How does our body fight infections? After we get infected with a serious illness, in what ways does our immune system prepare? Understanding these processes could help hone treatments and vaccinations. According to Medical XPress, researchers from the Karolinska Institutet sought to understand how the immune system confers protection against malaria following infection. In particular, the researchers wanted to understand how recovering from a malarial infection could help people build up tolerance against severe disease in the future.
Interested in learning more? Take a look at the study findings published in Cell Reports.
About the Research
To begin evaluating malarial tolerance, the research team first sourced blood samples from individuals who had been treated for, and later recovered from, malaria. Altogether, the researchers sourced samples from 53 individuals. Of these individuals, 17 (32%) had only had malaria once. The remaining 36 individuals (68%) had been infected with malaria more than once. Through these individuals, researchers were able to better understand how the immune system responds to this infection.
Researchers found that the 32% of people who had never before had malaria saw a strong inflammatory response from the innate immune system (the immune defense system with which you are born). However, the 68% who had been previously infected with malaria were able to suppress the inflammatory response using parasite-specific antibodies. This inflammation reduction helped with disease management. Additional findings can be found in Nature Communications.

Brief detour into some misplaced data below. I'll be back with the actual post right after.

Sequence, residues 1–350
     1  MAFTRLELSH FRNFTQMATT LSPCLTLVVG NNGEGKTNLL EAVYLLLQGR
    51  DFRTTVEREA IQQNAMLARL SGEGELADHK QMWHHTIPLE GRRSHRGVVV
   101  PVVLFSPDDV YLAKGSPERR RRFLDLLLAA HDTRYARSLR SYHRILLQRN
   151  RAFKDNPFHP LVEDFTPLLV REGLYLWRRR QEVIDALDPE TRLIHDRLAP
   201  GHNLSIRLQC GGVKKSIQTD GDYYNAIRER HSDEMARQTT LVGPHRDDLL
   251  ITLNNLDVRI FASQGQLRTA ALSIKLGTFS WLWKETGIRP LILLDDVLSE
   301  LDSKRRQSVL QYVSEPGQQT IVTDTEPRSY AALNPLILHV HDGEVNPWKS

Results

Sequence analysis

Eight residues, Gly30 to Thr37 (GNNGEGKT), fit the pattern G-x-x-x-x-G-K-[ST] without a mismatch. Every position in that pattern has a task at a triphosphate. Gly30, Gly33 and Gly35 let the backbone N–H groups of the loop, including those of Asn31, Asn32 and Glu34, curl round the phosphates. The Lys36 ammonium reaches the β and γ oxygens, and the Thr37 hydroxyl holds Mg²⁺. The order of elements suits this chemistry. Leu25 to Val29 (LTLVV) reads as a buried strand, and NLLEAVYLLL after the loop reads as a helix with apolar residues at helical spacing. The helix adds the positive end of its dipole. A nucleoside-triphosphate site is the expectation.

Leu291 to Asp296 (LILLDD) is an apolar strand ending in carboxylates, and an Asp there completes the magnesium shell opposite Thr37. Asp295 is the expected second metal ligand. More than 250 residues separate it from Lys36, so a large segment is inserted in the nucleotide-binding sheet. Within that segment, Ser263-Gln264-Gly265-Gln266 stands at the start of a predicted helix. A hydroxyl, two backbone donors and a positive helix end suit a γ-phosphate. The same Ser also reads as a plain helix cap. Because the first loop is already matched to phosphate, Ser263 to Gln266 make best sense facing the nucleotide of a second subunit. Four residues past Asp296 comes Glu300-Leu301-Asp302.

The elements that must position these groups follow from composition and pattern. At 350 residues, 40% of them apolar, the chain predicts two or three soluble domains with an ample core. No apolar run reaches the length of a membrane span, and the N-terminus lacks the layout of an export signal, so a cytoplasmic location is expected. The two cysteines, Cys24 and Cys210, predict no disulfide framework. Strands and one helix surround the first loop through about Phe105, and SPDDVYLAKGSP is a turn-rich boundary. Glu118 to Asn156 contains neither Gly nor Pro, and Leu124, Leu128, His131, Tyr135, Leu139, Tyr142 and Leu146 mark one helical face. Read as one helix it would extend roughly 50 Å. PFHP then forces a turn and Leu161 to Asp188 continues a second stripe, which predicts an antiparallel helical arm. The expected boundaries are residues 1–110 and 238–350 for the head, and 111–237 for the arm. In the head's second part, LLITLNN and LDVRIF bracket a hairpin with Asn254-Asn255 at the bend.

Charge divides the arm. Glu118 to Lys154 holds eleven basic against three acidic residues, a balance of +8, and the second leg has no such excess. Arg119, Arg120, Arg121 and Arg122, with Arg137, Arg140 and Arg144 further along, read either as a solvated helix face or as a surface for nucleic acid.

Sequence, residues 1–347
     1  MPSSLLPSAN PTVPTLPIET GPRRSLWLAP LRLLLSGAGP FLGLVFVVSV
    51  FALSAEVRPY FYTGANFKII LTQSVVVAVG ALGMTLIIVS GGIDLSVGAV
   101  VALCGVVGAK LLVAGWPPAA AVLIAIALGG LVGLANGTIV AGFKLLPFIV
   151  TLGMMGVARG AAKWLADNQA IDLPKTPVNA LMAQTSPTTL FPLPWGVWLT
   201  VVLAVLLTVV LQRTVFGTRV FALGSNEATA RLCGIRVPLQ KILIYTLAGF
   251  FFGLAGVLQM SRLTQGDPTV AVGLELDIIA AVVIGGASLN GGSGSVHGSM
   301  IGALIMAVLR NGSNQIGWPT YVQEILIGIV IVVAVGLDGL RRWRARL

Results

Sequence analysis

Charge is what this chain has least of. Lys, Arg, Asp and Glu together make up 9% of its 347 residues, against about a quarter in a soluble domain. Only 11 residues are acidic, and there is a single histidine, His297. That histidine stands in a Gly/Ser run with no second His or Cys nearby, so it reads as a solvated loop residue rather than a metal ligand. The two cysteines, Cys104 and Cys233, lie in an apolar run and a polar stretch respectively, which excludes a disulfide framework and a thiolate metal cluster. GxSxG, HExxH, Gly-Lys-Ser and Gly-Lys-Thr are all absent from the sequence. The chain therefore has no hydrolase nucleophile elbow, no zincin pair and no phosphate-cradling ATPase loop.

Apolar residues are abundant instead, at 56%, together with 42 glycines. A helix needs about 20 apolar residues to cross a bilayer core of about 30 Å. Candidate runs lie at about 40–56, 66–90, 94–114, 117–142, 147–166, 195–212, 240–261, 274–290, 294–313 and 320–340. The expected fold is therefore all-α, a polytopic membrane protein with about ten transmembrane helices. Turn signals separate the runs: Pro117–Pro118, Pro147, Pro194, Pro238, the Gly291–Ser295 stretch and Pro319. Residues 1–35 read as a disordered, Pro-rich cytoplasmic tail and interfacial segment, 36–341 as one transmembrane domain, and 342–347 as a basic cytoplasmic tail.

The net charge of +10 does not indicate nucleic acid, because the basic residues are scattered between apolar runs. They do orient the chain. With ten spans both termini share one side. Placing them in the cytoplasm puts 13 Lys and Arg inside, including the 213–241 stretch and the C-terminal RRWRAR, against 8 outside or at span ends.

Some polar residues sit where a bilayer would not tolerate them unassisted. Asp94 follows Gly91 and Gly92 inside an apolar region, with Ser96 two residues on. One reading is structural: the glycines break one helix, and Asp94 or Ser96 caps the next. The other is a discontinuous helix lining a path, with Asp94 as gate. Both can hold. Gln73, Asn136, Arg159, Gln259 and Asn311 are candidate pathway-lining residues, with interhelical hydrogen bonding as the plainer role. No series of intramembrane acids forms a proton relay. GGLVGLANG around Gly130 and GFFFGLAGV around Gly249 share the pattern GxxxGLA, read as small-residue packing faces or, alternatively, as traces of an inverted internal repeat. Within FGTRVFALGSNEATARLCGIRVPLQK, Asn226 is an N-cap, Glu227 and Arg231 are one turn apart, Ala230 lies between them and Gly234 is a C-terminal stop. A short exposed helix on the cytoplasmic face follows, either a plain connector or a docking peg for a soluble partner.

Moving forward, the researchers hope that understanding more about this immune response can help scientists craft more effective vaccines to combat malarial infection.
What is Malaria?
Malaria is a serious mosquito-borne illness caused by Plasmodium malariae, P. vivax, P. ovale, or P. falciparum parasites. People become infected through the bite of an infected mosquito. However, malaria may also be transmitted through blood transfusions, sharing needles, or from mother to child. While there are around 2,000 cases each year in the United States, this illness is more common in areas such as South Asia and sub-Saharan Africa. Without treatment, this illness can be fatal. Many of the fatalities occur in young children or elderly individuals in areas where this illness is endemic.
Symptoms typically begin with 10 days to 1 month following infection. While some individuals experience constant symptoms, others experience “attacks” of symptoms. When symptoms appear, these may include:
- High fevers
- Nausea and vomiting
- Muscle pain
- Shaking chills and cold sweats
- Abdominal pain
- Anemia (low red blood cell count)
- Low blood sugar
- Organ failure
- Difficulty breathing
- Cerebral malaria
Learn more about malaria.